Chitosan-Based Vector/DNA Complexes for Gene Delivery: Biophysical Characteristics and Transfection Ability
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Purpose. Chitosan, a natural cationic polysaccharide, is a candidate non-viral vector for gene delivery. With the aim of developing this system, various biophysical characteristics of chitosan-condensed DNA complexes were measured, and transfections were performed.
Methods. Transmission electronic microscopy (TEM) visualizations, sedimentation experiments, dynamic light scattering (DLS), and zeta potential measurements were realized. Transfections were made by using the luciferase reporter gene.
Results. In defined conditions, plasmid DNA formulated with chitosan produced homogenous populations of complexes which were stable and had a diameter of approximately 50−100 nm. Discrete particles of nicely condensed DNA had a donut, rod, or even pretzel shape. Chitosan/DNA complexes efficiently transfected HeLa cells, independently of the presence of 10% serum, and did not require an added endosomolytic agent. In addition, gene expression gradually increased over time, from 24 to 96 hours, whereas in the same conditions the efficacy of polyethylenimine-mediated transfection dropped by two orders of magnitude. At 96 hours, chitosan was found to be 10 times more efficient than PEI. However, chitosan-mediated transfection depended on the cell type. This dependency is discussed here.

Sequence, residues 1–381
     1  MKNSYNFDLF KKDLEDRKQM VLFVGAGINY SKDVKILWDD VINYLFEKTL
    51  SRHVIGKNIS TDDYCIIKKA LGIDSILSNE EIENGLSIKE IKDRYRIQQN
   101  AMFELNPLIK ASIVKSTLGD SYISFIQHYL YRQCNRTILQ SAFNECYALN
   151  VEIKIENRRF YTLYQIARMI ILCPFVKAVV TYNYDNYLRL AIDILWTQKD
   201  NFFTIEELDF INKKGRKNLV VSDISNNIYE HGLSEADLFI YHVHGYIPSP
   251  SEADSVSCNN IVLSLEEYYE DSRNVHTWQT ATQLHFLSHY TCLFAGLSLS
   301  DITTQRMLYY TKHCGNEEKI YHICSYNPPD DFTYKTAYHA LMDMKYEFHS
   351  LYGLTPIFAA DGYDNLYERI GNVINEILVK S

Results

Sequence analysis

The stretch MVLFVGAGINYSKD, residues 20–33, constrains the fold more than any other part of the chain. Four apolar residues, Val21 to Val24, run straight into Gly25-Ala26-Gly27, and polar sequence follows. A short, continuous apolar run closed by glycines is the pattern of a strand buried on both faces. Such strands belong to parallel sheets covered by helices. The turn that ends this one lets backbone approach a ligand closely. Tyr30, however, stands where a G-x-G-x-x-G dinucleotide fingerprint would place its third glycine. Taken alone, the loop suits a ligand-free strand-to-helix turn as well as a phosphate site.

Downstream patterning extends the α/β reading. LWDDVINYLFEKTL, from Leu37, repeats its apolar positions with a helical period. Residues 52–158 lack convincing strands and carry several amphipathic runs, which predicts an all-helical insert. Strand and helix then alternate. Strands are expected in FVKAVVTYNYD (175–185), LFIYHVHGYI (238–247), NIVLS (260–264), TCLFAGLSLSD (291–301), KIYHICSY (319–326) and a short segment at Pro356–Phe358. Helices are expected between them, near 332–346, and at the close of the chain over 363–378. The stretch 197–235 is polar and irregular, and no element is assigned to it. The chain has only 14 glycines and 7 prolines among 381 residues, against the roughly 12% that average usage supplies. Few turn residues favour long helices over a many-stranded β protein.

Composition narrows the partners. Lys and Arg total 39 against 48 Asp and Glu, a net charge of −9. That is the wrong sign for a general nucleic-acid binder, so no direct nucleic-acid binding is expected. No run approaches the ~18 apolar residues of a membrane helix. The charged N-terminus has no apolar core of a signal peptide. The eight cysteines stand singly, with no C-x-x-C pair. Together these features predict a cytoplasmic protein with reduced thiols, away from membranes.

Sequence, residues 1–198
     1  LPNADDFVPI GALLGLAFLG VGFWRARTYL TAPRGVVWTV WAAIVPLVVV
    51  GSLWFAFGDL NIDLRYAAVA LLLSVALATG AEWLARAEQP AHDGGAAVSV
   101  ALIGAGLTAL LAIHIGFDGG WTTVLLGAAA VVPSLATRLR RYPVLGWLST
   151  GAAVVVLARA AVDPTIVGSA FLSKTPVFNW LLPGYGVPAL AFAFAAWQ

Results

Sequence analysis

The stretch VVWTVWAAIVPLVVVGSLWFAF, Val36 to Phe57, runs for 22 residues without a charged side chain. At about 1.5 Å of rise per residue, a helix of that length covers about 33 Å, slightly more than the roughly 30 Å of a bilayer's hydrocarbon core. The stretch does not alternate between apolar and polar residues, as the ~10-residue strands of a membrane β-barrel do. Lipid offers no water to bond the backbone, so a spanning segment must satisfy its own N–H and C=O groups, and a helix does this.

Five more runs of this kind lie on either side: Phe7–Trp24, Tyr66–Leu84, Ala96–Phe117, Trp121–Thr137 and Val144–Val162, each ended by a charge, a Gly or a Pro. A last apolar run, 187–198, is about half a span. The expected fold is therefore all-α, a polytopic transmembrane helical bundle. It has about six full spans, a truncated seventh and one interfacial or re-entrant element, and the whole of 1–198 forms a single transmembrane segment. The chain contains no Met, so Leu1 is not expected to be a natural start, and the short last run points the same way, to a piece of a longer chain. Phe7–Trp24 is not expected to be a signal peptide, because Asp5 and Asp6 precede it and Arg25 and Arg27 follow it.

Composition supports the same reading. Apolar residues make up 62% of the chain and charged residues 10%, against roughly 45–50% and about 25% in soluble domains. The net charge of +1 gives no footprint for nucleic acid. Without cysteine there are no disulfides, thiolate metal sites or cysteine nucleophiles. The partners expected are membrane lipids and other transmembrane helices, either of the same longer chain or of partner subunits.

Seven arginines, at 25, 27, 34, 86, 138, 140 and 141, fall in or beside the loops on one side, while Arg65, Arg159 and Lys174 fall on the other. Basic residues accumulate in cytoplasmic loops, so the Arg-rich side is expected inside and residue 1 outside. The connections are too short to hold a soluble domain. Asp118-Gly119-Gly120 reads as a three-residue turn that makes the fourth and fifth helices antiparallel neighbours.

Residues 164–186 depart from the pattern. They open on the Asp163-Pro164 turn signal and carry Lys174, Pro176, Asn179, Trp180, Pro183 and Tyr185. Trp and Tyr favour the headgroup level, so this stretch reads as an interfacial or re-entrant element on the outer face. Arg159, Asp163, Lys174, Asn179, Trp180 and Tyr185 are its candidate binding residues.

Conclusions. Chitosan presents some characteristics favorable for gene delivery, such as the ability to condense DNA and form small discrete particles in defined conditions.
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